ICOMP welcomes today’s news that the European Commission has demanded that Google propose remedies within the next few weeks following a lengthy investigation into well documented allegations that the Internet giant is violating competition law.
Google faced a series of serious and complex complaints by entities across the economy, such as the Association of German Magazine Publishers (VDZ), Ciao, eJustice.fr, the Federation of German Newspaper Publishers (BDZV), Foundem, Microsoft and Twenga.
Commenting on the announcement David Wood, Counsel, ICOMP, said:
“In principle, news that Google has been instructed to propose remedies is welcome. This implies that the Commission has found that Google’s behaviour constituted an abuse of its dominant position in the online search market.
For a number of years we have voiced our concerns that Google’s conduct violates European competition law. Google’s behaviour has caused significant harm to numerous businesses across the online ecosystem stifling innovation, competition and to the ultimate detriment of consumers and the European economy.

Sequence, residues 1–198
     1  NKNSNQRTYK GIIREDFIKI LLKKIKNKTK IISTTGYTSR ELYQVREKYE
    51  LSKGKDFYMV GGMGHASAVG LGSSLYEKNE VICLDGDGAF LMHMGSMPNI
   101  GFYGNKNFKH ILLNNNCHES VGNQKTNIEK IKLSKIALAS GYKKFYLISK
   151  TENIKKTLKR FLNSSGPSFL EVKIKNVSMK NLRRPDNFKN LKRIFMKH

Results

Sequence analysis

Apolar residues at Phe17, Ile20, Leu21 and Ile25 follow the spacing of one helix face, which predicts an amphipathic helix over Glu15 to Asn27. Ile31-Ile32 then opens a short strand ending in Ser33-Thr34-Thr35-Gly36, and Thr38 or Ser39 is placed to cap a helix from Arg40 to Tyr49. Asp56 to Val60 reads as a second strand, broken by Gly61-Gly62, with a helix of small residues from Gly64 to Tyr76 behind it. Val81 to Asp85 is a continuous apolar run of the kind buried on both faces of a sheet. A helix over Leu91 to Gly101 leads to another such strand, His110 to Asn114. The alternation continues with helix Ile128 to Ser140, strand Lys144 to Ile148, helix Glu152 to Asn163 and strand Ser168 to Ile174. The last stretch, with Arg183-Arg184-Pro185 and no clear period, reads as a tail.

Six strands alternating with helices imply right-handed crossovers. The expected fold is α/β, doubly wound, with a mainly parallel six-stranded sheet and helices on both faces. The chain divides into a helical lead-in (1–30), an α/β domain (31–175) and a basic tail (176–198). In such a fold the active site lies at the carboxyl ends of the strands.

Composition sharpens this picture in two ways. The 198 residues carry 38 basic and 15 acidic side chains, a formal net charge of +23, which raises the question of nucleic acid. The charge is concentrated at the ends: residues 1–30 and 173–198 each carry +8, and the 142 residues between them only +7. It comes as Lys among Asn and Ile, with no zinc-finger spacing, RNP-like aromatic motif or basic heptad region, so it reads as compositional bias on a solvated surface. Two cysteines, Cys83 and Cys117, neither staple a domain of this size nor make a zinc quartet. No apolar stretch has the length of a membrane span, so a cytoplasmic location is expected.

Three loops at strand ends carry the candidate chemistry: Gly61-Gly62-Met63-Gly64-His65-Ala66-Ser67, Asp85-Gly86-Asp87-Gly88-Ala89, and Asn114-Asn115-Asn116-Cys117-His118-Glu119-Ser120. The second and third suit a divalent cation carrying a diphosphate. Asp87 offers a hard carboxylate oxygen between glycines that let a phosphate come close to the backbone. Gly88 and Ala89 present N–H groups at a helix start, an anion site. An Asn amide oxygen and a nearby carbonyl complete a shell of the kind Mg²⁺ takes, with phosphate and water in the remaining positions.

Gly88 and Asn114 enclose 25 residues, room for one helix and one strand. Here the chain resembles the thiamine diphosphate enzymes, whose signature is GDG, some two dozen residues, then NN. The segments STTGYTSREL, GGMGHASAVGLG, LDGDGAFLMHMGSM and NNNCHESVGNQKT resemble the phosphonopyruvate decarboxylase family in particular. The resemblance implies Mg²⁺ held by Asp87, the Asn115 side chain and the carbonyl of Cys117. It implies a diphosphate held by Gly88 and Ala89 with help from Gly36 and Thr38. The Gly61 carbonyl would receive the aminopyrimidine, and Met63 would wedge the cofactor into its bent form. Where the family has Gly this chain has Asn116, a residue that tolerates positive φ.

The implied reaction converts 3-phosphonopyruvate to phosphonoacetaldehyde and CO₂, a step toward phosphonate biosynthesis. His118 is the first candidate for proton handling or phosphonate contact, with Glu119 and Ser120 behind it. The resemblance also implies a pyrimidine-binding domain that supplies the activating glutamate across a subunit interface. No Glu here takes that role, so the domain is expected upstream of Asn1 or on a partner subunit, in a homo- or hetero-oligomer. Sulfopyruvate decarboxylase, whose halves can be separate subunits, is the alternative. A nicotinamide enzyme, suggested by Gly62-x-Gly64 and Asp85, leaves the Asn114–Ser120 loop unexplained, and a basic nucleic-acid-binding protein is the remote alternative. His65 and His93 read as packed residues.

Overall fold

It is vital that the terms of any agreed settlement include measures to quickly redress the harm caused to European businesses and consumers and are sufficiently robust to ensure that such harm is not repeated. We trust that this will prove to be the case and a competitive online market place will be restored.”
Should a settlement fail to impose stringent measures, Google is likely to continue abusing its 94% dominance of the European search market; heralding grave consequences for online competition, innovation and consumer choice.
Furthermore, Google has a track record of frustrating official investigations and many third parties have had unhappy experiences when entering into negotiations. Complainants and other stakeholders will continue to urge that their concerns are taken into account.
Regulators across the globe scrutinizing Google’s behaviour must observe these negotiations and any final settlement closely with a view to ensuring adequate measures are implemented to further protect healthy online competition.
The ICOMP Secretariat